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Q.

does heart burn cause increased heart rate?

I get this feeling of a burning sensation that starts in the top of my stomach and then cause my heart to pound and increase to 135 beats per min. I then feel nauseous and get some anxiety.

Related Topics: Anxiety, Heartburn, Heart, Stomach, Nausea
 

Answers From Experts & Organizations (1)

Internal Medicine
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A.

No, increased heart rate is not a normal feature of heartburn. However, pain and anxiety can increase heart rate. If you're still having this problem, I would get your doctor to check it out.

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Archived: March 20, 2014

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Answers from Contributors (4)

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A.
I found this information in an article - on the symptoms of heart burn:

Many people have different acid reflux-related heartburn triggers, but most people have similar heartburn symptoms.

  • A burning feeling in the chest just behind the breastbone that occurs after eating and lasts a few minutes to several hours.
  • Chest pain, especially after bending over, lying down, or eating.
  • Burning in the throat -- or hot, sour, acidic or salty-tasting fluid at the back of the throat.
  • Difficulty swallowing.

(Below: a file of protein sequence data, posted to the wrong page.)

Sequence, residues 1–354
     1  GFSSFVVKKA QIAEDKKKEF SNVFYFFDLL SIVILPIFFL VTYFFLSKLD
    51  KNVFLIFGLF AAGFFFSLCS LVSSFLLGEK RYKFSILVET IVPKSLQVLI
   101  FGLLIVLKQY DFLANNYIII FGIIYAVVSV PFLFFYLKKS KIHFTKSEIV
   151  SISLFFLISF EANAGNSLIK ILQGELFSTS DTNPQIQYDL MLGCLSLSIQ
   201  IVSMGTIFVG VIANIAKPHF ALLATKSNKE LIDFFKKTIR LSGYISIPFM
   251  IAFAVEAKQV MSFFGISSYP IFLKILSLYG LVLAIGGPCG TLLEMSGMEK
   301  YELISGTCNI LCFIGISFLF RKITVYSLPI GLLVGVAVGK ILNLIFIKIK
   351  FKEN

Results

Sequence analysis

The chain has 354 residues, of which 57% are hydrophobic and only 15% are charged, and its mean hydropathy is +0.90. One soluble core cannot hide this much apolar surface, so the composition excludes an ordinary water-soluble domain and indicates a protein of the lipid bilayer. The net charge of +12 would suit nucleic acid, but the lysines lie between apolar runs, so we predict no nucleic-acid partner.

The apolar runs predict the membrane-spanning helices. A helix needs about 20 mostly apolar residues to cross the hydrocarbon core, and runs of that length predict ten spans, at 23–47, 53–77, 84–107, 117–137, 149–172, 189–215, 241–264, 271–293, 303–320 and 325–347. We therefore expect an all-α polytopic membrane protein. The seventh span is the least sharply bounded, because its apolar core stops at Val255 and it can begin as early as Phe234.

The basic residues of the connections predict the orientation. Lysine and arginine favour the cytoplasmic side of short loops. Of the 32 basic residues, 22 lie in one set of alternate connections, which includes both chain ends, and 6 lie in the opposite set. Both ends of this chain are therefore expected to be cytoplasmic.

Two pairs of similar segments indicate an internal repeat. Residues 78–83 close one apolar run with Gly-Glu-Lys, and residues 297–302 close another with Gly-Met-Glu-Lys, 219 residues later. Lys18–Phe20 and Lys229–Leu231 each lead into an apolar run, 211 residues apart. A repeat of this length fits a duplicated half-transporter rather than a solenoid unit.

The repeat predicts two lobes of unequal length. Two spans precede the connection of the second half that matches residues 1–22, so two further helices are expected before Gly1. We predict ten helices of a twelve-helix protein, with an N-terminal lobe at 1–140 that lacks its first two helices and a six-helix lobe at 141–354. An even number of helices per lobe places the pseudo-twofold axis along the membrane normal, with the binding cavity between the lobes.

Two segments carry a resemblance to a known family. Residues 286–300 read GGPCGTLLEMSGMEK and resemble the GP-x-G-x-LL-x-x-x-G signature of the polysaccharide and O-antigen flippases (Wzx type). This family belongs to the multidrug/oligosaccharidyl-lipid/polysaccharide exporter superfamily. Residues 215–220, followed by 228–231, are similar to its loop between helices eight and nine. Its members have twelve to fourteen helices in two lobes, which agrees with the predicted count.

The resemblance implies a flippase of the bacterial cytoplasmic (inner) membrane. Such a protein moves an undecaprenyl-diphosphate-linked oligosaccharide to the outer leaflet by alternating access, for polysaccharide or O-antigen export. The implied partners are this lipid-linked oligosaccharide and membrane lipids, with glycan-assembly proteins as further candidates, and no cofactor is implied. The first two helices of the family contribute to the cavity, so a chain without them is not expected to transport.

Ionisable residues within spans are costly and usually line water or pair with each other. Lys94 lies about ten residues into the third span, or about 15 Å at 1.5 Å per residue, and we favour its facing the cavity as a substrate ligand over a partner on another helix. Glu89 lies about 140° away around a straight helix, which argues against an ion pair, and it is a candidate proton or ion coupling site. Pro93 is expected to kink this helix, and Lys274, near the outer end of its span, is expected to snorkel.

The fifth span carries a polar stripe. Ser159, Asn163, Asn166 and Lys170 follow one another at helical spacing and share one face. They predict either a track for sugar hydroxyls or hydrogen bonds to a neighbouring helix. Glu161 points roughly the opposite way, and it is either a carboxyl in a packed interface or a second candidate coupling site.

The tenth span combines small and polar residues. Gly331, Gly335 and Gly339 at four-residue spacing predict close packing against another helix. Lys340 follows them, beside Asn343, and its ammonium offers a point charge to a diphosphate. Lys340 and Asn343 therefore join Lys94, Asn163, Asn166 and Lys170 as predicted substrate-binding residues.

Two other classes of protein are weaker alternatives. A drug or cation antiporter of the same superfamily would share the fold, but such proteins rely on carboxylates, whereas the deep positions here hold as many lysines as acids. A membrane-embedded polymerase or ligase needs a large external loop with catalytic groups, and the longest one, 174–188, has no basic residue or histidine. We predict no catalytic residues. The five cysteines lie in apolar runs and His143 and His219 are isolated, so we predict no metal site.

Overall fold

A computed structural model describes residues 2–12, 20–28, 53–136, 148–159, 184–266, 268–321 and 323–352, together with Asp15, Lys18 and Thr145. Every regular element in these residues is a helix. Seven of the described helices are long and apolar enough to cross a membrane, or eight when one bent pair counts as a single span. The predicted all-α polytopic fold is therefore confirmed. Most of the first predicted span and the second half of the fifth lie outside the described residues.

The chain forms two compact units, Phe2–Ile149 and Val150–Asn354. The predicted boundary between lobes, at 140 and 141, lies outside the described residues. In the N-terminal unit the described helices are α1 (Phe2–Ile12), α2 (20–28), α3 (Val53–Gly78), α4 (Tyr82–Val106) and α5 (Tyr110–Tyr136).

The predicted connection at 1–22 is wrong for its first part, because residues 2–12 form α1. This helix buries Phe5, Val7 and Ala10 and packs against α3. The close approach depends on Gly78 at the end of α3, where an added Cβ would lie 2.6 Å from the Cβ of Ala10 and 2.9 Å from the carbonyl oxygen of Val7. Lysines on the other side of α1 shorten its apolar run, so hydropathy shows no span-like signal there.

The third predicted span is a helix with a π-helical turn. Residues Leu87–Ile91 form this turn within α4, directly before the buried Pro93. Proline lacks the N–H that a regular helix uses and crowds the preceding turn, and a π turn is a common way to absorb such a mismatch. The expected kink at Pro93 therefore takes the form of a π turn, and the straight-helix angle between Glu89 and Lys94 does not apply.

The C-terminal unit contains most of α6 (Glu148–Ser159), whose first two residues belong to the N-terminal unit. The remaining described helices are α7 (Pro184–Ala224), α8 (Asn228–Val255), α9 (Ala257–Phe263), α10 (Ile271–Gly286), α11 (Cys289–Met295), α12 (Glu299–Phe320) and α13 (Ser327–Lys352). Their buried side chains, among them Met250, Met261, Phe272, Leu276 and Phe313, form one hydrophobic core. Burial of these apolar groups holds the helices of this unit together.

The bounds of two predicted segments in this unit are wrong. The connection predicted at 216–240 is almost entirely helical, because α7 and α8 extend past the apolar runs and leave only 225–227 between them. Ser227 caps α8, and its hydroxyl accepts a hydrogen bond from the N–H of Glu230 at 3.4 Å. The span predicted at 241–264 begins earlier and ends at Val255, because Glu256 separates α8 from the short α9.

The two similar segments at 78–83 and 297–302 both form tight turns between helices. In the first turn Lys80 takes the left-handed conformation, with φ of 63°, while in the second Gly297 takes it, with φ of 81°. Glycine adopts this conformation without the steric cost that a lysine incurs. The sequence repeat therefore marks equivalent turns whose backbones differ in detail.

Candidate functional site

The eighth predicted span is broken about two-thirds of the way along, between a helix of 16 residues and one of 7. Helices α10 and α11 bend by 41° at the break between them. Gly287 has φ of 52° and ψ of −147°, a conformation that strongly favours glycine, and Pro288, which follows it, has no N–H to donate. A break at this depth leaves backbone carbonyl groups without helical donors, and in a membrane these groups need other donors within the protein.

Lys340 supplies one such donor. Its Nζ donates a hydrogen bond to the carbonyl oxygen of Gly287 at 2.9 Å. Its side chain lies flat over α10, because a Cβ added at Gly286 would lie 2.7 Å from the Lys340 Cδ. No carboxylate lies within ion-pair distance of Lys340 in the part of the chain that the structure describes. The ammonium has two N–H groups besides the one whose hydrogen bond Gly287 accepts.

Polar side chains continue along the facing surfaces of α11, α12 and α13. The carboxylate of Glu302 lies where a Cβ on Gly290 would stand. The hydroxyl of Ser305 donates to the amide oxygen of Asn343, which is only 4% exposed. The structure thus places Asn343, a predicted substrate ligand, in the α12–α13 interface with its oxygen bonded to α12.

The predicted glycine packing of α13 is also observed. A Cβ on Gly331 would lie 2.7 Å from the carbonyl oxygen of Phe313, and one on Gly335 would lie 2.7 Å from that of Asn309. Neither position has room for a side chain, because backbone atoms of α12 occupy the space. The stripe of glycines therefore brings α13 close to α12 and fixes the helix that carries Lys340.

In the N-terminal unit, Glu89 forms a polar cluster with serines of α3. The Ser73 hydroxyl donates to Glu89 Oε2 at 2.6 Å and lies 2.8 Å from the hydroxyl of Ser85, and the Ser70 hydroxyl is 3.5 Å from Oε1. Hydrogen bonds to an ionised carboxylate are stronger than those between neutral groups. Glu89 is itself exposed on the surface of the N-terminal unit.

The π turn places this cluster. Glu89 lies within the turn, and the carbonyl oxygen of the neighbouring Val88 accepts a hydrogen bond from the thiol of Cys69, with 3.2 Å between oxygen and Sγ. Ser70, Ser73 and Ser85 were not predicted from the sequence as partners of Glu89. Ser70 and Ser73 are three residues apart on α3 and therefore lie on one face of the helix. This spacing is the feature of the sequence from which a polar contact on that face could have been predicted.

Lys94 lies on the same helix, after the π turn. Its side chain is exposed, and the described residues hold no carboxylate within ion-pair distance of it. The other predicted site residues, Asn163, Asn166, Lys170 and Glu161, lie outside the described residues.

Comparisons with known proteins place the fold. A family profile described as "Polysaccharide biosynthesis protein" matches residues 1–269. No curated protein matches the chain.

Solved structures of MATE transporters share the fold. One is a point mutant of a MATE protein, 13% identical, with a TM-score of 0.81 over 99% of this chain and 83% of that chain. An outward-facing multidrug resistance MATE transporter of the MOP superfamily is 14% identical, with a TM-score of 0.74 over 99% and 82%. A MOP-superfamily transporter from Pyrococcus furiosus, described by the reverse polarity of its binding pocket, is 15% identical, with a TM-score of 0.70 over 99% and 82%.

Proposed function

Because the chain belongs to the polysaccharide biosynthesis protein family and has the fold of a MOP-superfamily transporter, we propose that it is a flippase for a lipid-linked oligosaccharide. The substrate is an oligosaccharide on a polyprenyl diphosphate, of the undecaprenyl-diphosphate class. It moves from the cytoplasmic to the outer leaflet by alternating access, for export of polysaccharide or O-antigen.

• Feeling of food "sticking" in the middle of the chest or throat.
  • Heartburn may cause chronic cough, sore throat, or chronic hoarseness.

Reporting these symptoms is usually all that is needed for your doctor to make the diagnosis of heartburn. However, your doctor may perform special tests to determine the severity of your problem or to monitor your treatment. Special tests may also be needed if you have unusual symptoms such as weight loss or suffer from the complications of GERD.


Here's the entire article
:
http://www.webmd.com/heartburn-gerd/guide/heartburn-symptoms

I hope this helps!

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I have had gerd and it has never caused increased heart rate. I think you should have your heart checked asap. It could be heart trouble, so consider calling a ambulance to the nearest emergency room. It is better to be safe than worry about looking foolish. Too many people die because of that reason.

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User-generated content areas are not reviewed by a WebMD physician. WebMD understands that reading individual, real-life experiences can be a helpful resource, but it is never a substitute for professional medical advice. Please see the
bottom of the page for more information or visit our Terms and Conditions.up arrow

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